Presentation on theme: "CSC 142 A 1 CSC 142 Introduction to Java [Reading: chapter 0]"— Presentation transcript:
CSC 142 A 1 CSC 142 Introduction to Java [Reading: chapter 0]
CSC 142 A 2 What to expect in this class Background: knowledge of basic programming in any language (VB, C, …) functions (or subs), loops, conditionals and arrays Outcome: how to program in Java (syntax, using objects, java libraries, …) Class organization: Lectures, lab practice with sample code, homework assignments, tests and quizzes class web site seattlecentral.edu/~flepeint/javaclass
CSC 142 A 3 What is a computer? (1) Programmer's viewpoint CPU (central processing unit): the "brain" of the computer. It can perform simple tasks very fast (e.g. adding…) Memory: where the microprocessor stores data (results of computations,…). Memory comes in many types (RAM, ROM, …) Input/Output devices: e.g. keyboard, screen, … They allow the user to interact with the computer. Our goal: Make the computer perform complex tasks for us. How: Write programs.
CSC 142 A 4 What is a computer? (2) CPU Memory Network Welcome to Java!
CSC 142 A 5 Programming Machine language The CPU set of instructions: coded as a series of 0's and 1's Fast Machine dependent (two different CPU don't use the same machine language) Time consuming to write programs Instead, use a high level language Closer to plain English. Programming is easier. (this doesn't mean easy!) Machine independent Can't be understood by the CPU. A translation program is required (compiler, interpreter, …)
CSC 142 A 6 Programming languages Thousands of programming languages (many are just for research purposes) Historically (with many omissions!) FORTRAN (scientific) (50's) COBOL (business) (60's) PASCAL, BASIC, C (multi purposes) (70's) C++ (OOP) (80's) Java (OOP + platform independence) (90's)
CSC 142 A 7 Why are we learning Java? A modern language object oriented, portable, secure able to harness the power of networks A better C++? some features of C++ are overly complex (e.g. multiple inheritance) Java doesn't include any of these A good language to learn programming (the modern way: OOP, …)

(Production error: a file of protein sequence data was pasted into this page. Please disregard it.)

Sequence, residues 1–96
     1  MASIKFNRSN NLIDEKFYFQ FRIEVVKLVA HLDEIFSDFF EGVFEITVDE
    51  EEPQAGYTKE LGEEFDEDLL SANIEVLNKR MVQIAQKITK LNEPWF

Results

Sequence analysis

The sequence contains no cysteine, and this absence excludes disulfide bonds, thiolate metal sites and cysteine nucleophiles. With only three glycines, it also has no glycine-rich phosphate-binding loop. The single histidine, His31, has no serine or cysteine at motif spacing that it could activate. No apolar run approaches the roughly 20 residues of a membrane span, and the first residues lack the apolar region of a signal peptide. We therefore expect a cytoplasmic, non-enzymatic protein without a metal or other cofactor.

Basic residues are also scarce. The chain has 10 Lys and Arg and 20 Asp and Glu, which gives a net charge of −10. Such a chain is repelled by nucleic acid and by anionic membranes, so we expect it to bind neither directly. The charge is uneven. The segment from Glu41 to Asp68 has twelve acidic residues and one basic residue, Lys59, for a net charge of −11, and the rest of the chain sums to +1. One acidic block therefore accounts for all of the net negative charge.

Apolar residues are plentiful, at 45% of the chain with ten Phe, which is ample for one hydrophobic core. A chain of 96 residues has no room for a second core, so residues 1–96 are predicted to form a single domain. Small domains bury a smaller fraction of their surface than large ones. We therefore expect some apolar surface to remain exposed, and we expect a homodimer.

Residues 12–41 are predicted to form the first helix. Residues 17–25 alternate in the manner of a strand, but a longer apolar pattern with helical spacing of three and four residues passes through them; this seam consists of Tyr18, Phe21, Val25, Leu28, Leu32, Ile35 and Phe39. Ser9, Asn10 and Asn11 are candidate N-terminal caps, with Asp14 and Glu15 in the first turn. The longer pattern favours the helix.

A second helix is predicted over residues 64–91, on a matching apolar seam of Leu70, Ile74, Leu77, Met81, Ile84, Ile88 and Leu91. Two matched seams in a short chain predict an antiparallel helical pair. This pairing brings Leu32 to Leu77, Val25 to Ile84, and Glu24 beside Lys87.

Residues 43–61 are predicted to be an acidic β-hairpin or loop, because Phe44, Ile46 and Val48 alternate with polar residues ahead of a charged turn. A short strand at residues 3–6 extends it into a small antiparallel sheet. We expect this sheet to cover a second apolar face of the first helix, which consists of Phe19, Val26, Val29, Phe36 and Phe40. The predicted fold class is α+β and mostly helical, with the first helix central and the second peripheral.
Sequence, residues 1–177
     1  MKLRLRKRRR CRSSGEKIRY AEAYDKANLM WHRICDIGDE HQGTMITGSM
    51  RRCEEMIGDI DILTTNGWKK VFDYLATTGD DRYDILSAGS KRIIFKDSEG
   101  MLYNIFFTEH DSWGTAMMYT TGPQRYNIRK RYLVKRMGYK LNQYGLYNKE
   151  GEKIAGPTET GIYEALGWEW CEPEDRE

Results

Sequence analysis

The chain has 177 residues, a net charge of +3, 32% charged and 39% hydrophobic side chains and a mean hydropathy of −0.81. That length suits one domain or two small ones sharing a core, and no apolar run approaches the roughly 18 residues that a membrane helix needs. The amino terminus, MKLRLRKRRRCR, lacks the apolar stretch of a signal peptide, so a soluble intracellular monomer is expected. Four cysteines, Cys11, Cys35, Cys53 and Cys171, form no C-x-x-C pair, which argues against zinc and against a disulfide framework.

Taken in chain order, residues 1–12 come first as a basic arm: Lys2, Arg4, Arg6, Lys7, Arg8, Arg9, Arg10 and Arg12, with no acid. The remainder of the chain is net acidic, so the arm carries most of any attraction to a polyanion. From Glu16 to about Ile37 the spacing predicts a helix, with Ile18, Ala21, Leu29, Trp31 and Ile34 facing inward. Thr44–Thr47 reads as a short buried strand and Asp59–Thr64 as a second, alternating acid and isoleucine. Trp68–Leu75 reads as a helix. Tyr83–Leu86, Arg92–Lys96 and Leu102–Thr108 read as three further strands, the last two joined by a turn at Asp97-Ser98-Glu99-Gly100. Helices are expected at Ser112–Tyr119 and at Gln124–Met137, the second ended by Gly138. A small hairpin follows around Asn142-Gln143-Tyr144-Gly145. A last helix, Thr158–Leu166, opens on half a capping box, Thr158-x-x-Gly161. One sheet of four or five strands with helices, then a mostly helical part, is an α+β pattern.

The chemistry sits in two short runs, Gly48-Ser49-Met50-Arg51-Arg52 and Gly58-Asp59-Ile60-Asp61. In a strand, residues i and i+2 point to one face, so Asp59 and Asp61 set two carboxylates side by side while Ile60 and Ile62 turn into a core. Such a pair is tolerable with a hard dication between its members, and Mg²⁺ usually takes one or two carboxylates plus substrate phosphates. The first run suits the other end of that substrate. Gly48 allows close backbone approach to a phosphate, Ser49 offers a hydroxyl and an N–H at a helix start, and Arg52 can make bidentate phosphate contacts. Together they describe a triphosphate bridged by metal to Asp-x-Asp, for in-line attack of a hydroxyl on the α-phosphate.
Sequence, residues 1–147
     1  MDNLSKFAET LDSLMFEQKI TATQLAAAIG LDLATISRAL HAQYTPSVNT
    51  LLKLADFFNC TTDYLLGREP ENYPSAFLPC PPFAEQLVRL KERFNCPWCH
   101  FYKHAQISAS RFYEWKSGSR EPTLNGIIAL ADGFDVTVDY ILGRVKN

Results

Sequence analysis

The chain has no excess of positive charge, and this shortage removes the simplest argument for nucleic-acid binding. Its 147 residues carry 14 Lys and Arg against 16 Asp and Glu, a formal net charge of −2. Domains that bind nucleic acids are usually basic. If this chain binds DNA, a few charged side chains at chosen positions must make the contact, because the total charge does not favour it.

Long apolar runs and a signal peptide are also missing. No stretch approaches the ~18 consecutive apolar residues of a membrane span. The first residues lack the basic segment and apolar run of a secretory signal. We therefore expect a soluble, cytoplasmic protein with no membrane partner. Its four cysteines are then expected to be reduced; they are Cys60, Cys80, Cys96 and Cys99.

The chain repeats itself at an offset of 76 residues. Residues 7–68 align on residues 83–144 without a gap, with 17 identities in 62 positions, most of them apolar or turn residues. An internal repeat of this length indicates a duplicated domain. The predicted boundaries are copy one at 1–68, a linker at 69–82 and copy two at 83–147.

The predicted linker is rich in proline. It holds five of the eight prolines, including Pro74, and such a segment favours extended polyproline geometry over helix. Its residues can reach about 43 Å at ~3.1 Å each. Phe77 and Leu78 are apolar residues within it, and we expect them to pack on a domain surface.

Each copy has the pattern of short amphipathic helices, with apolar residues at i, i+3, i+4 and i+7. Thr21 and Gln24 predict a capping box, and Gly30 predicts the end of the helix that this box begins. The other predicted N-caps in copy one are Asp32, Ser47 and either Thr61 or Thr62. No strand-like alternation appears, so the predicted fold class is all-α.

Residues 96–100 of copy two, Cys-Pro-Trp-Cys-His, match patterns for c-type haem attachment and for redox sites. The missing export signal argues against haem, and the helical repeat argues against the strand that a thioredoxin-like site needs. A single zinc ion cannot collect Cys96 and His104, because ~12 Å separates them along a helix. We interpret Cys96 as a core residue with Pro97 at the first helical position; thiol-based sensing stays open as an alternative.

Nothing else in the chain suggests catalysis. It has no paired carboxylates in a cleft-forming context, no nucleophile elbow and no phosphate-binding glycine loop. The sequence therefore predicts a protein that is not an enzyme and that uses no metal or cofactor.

CSC 142 A 8 A brief history Created in the 90's by Sun Microsystems (Bill Joy and James Gosling) first for cell phones and PDA (failure) explosion of the internet rescued the language (small, robust, object oriented, architecture independent, secure) free and open code distribution Now used widely on PC, cell phones, palm pilots, … But there are other languages, e.g. Python, etc…
CSC 142 A 9 The Java virtual machine Source Code (.java file) Java Compiler Byte Code (.class file) Mac Unix Windows JVM (interpreter)
CSC 142 A 10 Java Applications vs Applets Applications: a stand alone java program that is executed locally on your computer Applications can be trusted (in general) Applets: a java program that is executed in the context of a web browser (this is how java programs can easily be distributed) Applets should not be trusted
CSC 142 A 11 Some security features An applet can't read or write from or to the computer's file system run programs on the user's computer establish a connection between the user's computer and any other computer except for the server where the applet is stored. Java doesn't support pointers (a programmer can't access the memory directly) Memory management is done automatically by the JVM (not the programmer's job C++)
CSC 142 A 12 The present Java Java 6 Many libraries Swing (user interface toolkit) Data bases (JDBC) Java security, Servlets … Software: many free products for all platforms (Unix, Solaris, Mac, Windows…) Sun jdk available at java.sun.com Eclipse at eclipse.org (what we will use). Other Java IDE's available.
CSC 142 A 13 Resources Text: “An introduction to OOP with Java" McGraw-Hill Other books Niemeyer & Knudsen: "Learning Java" O'Reilly (Good if you already know C/C++) Deitel & Deitel: "Java how to program" (lots of examples) Enormous amount of resources on the web java.sun.com (excellent on-line tutorials) Check www.cs.washington.edu. We will use the UW java library.